I was interested in this article on Stuff.co.nz two days ago: “MPs from all sides turn on Treasury, Reserve Bank and Labour over failure to act on housing”.
It reminded me of the maxim: “You may not be interested in politics, but politics is interested in you”.
In the context of investing, it reminded me of a risk that many of us don’t pay enough attention to. Regulatory risk.
This doesn’t just relate to residential property, but it’s a good case study in the context of the Stuff article.
The New Zealand residential property market is an interesting creature, and I don’t hold myself out as an expert on the topic. But I will say this: the factors that influence property values (or at least, property prices) are multifactorial. Yes, it’s ultimately supply versus demand. But the factors that influence supply and demand are numerous and their interactions are complex.
Factors include local and national barriers to increasing supply and population growth.
Various policy settings are influential, as well. You can debate about the extent to which these settings impact the market, but it’s hard to argue whether they have an impact, at least for some buyers and sellers.
All else being equal, higher minimum obligations for landlords make owning a rental property more expensive, less profitable, and less attractive.
All else being equal, the bright-line property rule (meaning that properties sold within certain time frames are subject to income tax on gains) makes it less attractive to own a property for a short period of time.
The prospect of a broader capital gains tax also makes property less attractive. (Yes, Prime Minister Ardern has said we won’t see capital gains tax on her watch, but that doesn’t rule it out for all time.)
There are also policies elsewhere that make homeownership even more attractive and drive prices up. In the US, for example, some homeowners can deduct mortgage interest from their household taxable income. If KiwiSaver was opened up so that people could use their KiwiSaver funds to invest in direct residential property, this would increase demand and increase prices. (For the record: I am strongly against both of these policies. You’d struggle to find someone with a background in economics who’d support them.)
Broader policies cast a large shadow
There are other policy settings which have an impact as well, even if the effect is indirect. These include policies relating to pensions/superannuation, health, and education funding.
For instance, in New Zealand, we have a simple, universal superannuation scheme that provides retirees with a fair amount of certainty about their financial futures. We also have a public health system which provides for most needs. This is quite different to, say, the US where pension schemes are far more complex, and the cover provided by Medicare and Medicaid isn’t as extensive, necessitating extensive and expensive health insurance policies.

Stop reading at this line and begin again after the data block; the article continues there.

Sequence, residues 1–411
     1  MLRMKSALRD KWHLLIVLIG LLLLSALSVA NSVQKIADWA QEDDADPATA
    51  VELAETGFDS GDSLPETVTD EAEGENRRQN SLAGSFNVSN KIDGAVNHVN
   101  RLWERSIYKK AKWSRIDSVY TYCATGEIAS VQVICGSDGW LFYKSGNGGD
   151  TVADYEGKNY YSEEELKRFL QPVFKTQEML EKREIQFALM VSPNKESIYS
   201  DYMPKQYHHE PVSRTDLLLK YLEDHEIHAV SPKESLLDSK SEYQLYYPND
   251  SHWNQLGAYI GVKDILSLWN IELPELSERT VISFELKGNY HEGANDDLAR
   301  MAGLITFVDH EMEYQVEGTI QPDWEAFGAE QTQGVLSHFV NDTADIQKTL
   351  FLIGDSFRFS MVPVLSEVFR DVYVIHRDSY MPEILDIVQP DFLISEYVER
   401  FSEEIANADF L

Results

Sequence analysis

This combination of policies breeds a fair amount more financial certainty for older Kiwis – our poverty rate for people over the age of 65 is quite a bit lower than other developed nations, particularly the US.
Add to this, that parents in the US are often called upon to fund their children’s tertiary education, often to the tune of tens, if not hundreds, of thousands of dollars.
The above combination of policy settings in the US means that it is less common for “the bank of mum and dad” to help with children buying properties. This greater band of uncertainty and household costs also means that most households have less discretionary income with which to compete in property prices.
These are factors (but not determinants) for why the median house price in the US is around NZD395,000 whereas the median property price in New Zealand is NZD749,000 (specifically, the US median is USD285,000 based on the May 2020 figure from the National Association of REALTORS; the NZ figure is based on the REINZ Residential Statistics Report for December 2020).
(Regarding the US, we often read about what is happening in New York in San Francisco, but those housing markets are outliers with high concentrations of wealth; in 2003 Mayor Bloomberg referred to New York City as “a luxury product”, an assessment that was fairly prescient, whatever your thoughts/feelings on the matter are.)
Regulatory opportunities (arbitrage)
Of course, I’ve focused on the risk side of the regulatory equation. There are also regulatory opportunities for people who pay attention to this.
I’ve mentioned policies that could drive up demand and increase prices further: opening up KiwiSaver to invest in direct residential property or making mortgage payments tax-deductible.
There are also NIMBY-style regulations limiting property development (hindering supply from keeping up with demand).
Policy can create investment risk. It can also create opportunity.
A random aside about property prices
I always scratch my head when I read articles about forecasts like “five years of price growth, outstripping wage growth”.
In an “efficient” market, prices for assets reflect expectations about the future. So if there’s a consensus view that property prices will continue to rise for 5 years, this creates super-profit opportunities for earlier investors, so it makes sense that people inclined to invest would do so immediately, to take advantage of the subsequent price growth.
If the market were “efficient”, this would immediately result in increased demand, which would increase prices, to an equilibrium point where these expectations about price increases end up being built into the market – meaning that growth would be concentrated over a short period of time, in which case price growth wouldn’t continue over the projected period of time.
Maybe that’s what has been happening in the past few months, and people will be surprised when property prices don’t continue to grow at the same rate. Who knows. I don’t have a crystal ball.